My kit was good but I learnt so much, especially from other competitors. I took things that were on the kit list too literally; I had a proper small shovel, proper tux, a proper saw… being more creative with the kit list would definitely have helped. And a rucksack with better straps is a must. My OMM 45+10 must have been designed to carry balloons; the straps are so thin they cut into your shoulders terribly. Definitely a poor choice!
On a funny note: on the hike over the mountains my sleep-deprived mind did see some strange things. A funny one was boxes of ‘Zico’ coconut water. This was what the organisers gave us to drink in the early stages of the race. No wonder it formed part of my weird hallucinations. I think by sponsoring the race Zico now have 200+ people who will never drink it again, me being one of them. Coconut water is also a natural laxative; I didn’t have a problem but I did give a couple of people some of my Imodium…
It’s amazing how a race can be designed to test you in so many ways and how effectively the organisers can mess with you mind. Joe and Andy are two legendary guys and what they put on in Vermont is truly amazing. Yes, you do manual labour others should be paid to do, but that’s the game and until the ‘race’ starts that’s what wears you down. At the end of the day, I really enjoyed it. I also enjoyed seeing what people can do when challenged. We built, by hand (!), a stone staircase to the top of a mountain. I would be proud to return in years to come and see that staircase still there and know I helped create it.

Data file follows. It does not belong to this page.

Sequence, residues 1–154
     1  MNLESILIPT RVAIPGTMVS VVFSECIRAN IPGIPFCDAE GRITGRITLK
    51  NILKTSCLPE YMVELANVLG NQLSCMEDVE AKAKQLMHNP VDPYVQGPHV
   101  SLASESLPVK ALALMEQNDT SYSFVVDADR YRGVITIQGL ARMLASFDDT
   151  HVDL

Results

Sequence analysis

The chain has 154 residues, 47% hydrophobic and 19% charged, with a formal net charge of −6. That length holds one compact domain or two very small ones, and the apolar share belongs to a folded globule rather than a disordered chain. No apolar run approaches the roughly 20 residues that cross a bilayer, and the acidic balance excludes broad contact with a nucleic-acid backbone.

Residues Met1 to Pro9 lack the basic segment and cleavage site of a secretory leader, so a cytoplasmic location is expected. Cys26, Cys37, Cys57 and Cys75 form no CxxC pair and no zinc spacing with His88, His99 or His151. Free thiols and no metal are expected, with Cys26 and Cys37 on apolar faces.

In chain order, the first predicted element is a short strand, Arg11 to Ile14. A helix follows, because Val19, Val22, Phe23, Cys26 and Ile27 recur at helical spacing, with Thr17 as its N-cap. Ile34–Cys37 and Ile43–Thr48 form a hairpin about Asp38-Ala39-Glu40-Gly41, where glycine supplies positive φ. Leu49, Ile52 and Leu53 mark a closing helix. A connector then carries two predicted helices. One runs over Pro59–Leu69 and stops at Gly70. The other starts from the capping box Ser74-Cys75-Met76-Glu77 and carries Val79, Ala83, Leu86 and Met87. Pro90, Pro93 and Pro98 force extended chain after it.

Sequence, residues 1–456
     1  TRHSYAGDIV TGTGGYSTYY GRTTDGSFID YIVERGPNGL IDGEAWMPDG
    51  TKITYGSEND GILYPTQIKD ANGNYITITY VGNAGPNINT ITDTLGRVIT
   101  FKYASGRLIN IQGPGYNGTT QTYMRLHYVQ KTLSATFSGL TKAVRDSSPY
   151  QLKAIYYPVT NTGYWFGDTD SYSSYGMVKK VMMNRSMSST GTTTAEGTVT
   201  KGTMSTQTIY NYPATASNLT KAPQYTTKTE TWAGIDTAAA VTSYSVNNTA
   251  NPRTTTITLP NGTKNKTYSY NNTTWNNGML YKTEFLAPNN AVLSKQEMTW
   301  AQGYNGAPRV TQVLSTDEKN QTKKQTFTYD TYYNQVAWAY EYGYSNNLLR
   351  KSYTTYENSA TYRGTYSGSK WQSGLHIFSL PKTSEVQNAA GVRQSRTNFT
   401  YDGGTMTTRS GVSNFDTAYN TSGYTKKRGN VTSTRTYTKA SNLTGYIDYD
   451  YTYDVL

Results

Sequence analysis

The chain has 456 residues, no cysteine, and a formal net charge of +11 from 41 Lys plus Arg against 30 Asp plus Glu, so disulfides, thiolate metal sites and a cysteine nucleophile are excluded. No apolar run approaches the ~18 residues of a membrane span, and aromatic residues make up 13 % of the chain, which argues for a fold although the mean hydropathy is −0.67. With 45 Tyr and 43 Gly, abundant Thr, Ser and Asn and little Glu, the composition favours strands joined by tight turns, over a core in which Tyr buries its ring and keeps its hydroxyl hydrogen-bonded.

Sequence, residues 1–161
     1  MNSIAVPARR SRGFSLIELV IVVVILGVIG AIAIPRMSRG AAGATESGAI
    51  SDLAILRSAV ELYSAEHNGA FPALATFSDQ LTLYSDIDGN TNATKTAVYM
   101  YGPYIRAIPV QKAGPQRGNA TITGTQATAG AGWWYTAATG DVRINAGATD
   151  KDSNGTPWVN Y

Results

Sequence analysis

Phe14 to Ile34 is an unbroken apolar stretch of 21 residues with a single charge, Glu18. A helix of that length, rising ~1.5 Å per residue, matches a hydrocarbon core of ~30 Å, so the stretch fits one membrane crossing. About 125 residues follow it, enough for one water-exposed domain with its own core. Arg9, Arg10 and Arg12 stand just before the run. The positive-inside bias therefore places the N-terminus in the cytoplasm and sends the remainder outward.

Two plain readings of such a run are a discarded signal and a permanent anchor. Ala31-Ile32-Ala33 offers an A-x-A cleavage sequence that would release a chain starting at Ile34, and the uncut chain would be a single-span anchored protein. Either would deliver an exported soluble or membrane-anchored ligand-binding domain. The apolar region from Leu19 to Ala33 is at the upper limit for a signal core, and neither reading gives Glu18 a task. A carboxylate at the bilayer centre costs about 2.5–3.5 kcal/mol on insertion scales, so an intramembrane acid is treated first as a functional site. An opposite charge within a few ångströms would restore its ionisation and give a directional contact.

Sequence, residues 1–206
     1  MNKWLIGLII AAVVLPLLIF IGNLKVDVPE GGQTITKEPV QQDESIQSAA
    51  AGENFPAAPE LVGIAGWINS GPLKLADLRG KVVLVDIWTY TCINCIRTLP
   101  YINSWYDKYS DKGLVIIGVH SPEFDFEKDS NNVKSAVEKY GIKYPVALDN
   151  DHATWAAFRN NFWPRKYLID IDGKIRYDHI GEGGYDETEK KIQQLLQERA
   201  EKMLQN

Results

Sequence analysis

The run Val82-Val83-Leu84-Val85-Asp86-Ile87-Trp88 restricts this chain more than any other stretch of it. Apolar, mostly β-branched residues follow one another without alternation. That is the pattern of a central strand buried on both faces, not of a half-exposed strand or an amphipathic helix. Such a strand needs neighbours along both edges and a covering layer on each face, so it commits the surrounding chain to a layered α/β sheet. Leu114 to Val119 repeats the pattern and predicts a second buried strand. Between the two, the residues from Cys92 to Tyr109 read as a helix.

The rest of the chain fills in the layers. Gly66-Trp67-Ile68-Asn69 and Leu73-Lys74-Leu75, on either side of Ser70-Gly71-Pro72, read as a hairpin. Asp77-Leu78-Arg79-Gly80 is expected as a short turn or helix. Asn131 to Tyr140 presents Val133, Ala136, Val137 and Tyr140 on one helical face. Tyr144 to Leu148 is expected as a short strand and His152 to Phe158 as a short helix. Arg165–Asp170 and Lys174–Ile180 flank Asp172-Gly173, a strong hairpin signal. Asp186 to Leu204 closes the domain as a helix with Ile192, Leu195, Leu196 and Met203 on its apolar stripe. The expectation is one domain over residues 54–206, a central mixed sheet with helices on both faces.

I am disappointed, as to finish would have been amazing and I had so many cheering me on. I feel bad I couldn’t push further. All I can say is this is just the beginning, I love racing and challenging myself – learning what I am capable of.
I have a lot of races on my to-do list for the long term and there are some great obstacle races coming up in the UK. I am also thinking about getting my axe out again for Primal Events, On-trial Frozen. I would also love the opportunity to try the Worlds Toughest Mudder; I believe this race would suite my skill set a lot better than the Death Race, but another trip to the US might be a bit much for this year.
I know I am going to get asked the question as to whether I would return to Pittsfield, so I might as well answer it; yes. This type of racing is incredibly addictive, I can’t describe the feeling you get of pushing yourself that far and finding you can go even further. The human body is an amazing thing and unless you challenge it you will never find what it is capable of.